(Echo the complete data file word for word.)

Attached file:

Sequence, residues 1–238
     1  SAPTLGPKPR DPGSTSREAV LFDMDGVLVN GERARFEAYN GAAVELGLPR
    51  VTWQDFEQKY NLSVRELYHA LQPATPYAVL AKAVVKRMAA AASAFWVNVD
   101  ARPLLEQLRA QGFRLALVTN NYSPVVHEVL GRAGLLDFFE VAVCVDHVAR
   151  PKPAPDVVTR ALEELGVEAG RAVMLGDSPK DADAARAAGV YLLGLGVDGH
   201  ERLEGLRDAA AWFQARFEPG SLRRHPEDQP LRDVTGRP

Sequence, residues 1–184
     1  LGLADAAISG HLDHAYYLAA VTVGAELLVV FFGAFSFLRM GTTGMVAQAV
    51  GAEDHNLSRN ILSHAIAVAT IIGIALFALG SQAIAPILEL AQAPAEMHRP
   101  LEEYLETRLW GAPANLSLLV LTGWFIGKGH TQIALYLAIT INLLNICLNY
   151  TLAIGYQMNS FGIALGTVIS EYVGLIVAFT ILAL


Sequence, residues 1–238
     1  SAPTLGPKPR DPGSTSREAV LFDMDGVLVN GERARFEAYN GAAVELGLPR
    51  VTWQDFEQKY NLSVRELYHA LQPATPYAVL AKAVVKRMAA AASAFWVNVD
   101  ARPLLEQLRA QGFRLALVTN NYSPVVHEVL GRAGLLDFFE VAVCVDHVAR
   151  PKPAPDVVTR ALEELGVEAG RAVMLGDSPK DADAARAAGV YLLGLGVDGH
   201  ERLEGLRDAA AWFQARFEPG SLRRHPEDQP LRDVTGRP

Sequence, residues 1–184
     1  LGLADAAISG HLDHAYYLAA VTVGAELLVV FFGAFSFLRM GTTGMVAQAV
    51  GAEDHNLSRN ILSHAIAVAT IIGIALFALG SQAIAPILEL AQAPAEMHRP
   101  LEEYLETRLW GAPANLSLLV LTGWFIGKGH TQIALYLAIT INLLNICLNY
   151  TLAIGYQMNS FGIALGTVIS EYVGLIVAFT ILAL